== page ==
983 F2d 1524 Pasek Dorr Bentley Pecha Cpa's Pc v. Pasek
983 F.2d 1524
Bankr. L. Rep. P 75,136
In re: Gregory James PASEK, Debtor.
DORR, BENTLEY & PECHA, CPA'S, P.C., Appellant,
Gregory James PASEK, Appellee.
United States Court of Appeals,
Jan. 20, 1993.
Submitted on the Briefs.*
Greg L. Goddard, Goddard, Perry & Vogel, Buffalo, WY, for appellant.
Georg Jensen, Law Offices of Georg Jensen, Cheyenne, WY, for appellee.
Before TACHA, BALDOCK and KELLY, Circuit Judges.
PAUL KELLY, Jr., Circuit Judge.
Appellant CPA firm appeals from the judgment of the district court affirming the bankruptcy court's decision that a $179,000 debt owed appellant was dischargeable in bankruptcy. In an adversary proceeding which included a trial before the bankruptcy court, the CPA firm contended that Debtor's breach of a covenant not to compete contained in a partnership agreement was willful and malicious. Accordingly, it argued that the resulting damages were not dischargeable pursuant to 11 U.S.C. § 523(a)(6). The bankruptcy court held that the CPA firm had failed to establish by a preponderance of the evidence that Debtor's breach of the agreement was willful and malicious as required by 11 U.S.C. § 523(a)(6). In re Pasek (Dorr & Associates v. Pasek), 129 B.R. 247, 254; 25 Collier Bankr.Cas.2d (MB) 313, 323 (Bankr.D.Wyo.1991). Acting in its appellate capacity, 28 U.S.C. § 158(a), the district court affirmed. On appeal, the CPA firm contends that the district court and bankruptcy court misapplied § 523(a)(6) and that Debtor's actions constituted willful and malicious conduct under the statute. Our jurisdiction arises under 28 U.S.C. § 158(d) and we affirm, though we do not agree entirely with the reasoning of the district court or the bankruptcy court.
On the firm's request, Debtor signed a partnership agreement which contained a covenant not to compete. The covenant provided that, for a period of three years, a partner who left the firm would not practice within fifty miles of a city where the firm had an office. Liquidated damages for violation of the covenant were "150% of the amount billed by [the firm] to the client for services rendered in the prior twelve months." Debtor left the firm and opened his own practice in Gillette, Wyoming. Several of his clients followed him. The firm sued him. Several days before a scheduled trial in state district court, Debtor filed for bankruptcy and sought discharge of the damages alleged by the firm.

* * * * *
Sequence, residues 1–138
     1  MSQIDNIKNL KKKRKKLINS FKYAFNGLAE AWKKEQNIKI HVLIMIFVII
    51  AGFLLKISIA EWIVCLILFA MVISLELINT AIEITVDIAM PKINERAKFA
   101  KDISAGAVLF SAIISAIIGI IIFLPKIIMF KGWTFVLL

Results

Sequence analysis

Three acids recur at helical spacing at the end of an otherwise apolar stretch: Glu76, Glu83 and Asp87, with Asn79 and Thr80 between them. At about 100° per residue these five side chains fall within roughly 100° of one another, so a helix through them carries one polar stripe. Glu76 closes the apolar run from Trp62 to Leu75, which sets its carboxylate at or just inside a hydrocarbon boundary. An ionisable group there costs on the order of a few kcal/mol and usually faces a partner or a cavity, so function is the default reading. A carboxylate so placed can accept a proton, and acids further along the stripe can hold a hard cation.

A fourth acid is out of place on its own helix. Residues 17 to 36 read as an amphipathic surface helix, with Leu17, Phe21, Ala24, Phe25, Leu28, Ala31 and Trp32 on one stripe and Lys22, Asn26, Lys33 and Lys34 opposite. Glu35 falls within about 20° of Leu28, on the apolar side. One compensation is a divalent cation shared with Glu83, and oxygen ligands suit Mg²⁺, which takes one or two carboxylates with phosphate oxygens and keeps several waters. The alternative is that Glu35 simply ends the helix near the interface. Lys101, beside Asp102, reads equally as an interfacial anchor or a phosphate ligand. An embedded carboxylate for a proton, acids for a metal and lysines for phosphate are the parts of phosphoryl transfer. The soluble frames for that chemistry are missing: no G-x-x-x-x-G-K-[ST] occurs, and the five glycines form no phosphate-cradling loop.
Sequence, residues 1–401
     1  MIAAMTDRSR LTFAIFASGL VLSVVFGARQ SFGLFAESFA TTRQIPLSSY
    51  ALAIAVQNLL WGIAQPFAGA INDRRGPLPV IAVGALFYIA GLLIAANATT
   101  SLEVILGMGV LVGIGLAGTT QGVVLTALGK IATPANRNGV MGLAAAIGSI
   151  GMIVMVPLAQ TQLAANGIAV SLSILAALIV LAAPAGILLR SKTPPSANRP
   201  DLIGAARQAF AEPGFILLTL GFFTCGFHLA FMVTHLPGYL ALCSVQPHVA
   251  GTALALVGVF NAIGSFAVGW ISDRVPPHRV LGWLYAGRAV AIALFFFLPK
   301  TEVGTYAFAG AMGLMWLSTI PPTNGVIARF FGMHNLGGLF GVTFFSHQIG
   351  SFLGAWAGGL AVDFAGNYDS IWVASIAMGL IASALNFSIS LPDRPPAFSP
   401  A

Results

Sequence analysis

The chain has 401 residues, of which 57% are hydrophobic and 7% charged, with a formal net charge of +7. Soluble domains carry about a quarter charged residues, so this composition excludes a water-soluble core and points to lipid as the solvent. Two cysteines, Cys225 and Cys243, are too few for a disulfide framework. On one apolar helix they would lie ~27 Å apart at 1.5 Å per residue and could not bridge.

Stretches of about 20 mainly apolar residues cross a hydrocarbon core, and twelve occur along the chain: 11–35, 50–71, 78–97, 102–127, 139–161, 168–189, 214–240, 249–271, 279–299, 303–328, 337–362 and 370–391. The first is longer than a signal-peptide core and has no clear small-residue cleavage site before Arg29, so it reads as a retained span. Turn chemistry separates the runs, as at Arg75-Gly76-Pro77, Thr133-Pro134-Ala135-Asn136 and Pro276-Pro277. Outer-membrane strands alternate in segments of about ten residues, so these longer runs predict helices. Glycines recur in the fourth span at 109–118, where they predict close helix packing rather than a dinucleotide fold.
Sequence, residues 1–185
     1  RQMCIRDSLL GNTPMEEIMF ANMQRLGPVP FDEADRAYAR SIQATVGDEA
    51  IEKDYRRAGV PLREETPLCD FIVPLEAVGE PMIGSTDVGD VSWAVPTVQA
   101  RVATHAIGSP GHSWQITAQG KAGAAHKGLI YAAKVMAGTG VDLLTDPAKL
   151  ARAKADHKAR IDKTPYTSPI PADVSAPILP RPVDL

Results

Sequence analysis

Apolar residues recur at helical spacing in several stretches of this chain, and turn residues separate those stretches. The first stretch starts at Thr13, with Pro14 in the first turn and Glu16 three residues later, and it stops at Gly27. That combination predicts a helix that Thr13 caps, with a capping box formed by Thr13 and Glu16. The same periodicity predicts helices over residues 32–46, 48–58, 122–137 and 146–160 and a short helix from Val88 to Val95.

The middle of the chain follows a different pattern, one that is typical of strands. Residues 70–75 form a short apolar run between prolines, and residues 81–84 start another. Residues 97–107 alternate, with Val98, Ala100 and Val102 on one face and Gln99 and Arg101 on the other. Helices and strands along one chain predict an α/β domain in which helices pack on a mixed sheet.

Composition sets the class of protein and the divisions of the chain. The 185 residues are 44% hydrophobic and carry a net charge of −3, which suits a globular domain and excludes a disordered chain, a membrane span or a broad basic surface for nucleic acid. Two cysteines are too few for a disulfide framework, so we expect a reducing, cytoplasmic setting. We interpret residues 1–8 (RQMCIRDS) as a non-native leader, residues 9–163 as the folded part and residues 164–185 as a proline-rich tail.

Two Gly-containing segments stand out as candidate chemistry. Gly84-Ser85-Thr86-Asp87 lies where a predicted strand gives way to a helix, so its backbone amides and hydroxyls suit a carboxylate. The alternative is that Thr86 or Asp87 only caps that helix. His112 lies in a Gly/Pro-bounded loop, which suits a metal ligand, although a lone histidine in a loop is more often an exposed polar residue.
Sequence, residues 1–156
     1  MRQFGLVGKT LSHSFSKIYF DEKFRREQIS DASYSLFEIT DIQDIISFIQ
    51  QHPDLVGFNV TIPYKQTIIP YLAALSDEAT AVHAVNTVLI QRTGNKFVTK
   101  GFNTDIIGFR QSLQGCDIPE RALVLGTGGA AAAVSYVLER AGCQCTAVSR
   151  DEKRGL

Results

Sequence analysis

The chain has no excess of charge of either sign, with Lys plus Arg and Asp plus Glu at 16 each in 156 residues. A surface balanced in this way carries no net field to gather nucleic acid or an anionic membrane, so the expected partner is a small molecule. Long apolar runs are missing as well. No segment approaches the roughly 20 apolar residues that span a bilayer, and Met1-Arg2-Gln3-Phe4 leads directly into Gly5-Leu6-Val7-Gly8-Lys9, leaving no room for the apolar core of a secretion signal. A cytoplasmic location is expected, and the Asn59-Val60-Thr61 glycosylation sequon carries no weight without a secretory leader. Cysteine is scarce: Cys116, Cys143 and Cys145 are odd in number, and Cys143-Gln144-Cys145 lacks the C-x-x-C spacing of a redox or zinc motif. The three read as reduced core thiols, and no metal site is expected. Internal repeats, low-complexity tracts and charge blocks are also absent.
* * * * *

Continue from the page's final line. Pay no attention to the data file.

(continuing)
Debtor left the firm for several reasons. Various members of the firm decided that the accountant-members and their spouses should present a particular image to the community and clients. The bankruptcy court found that the firm attempted to impose its standards concerning private family matters such as home decoration, automobile selection, spousal attire, grooming and manners, on the Debtor and his wife. In re Pasek, 129 B.R. at 250. The firm had been critical of Debtor's wife and eventually Debtor left for the sake of his family. A contributing factor was the firm's insistence that he have one of the two highest billing quotas, notwithstanding that two of his five dependent children had serious medical problems requiring parental involvement. He also disagreed with several of the firm's decisions concerning client allocation, leverage and what he perceived as inequitable enforcement of the covenant not to compete.
The bankruptcy court found that Debtor was fully aware of the covenant not to compete, but hoped that it was unenforceable based on an opinion from legal counsel.1 He recruited past clients based on economic necessity, "fear[ing] he would be unable to make a living for his family unless he sought work from all possible sources." Id. The district and bankruptcy courts were of the view that this circuit had developed an alternate test for willful and malicious injury only available in cases involving a debtor's conversion of a secured creditor's interest in collateral or proceeds. See Id. at 252; Aplt.App. at 10. Notwithstanding, the bankruptcy court determined that even under the alternate test, the CPA firm had not established a willful and malicious injury. In re Pasek, 129 B.R. at 254.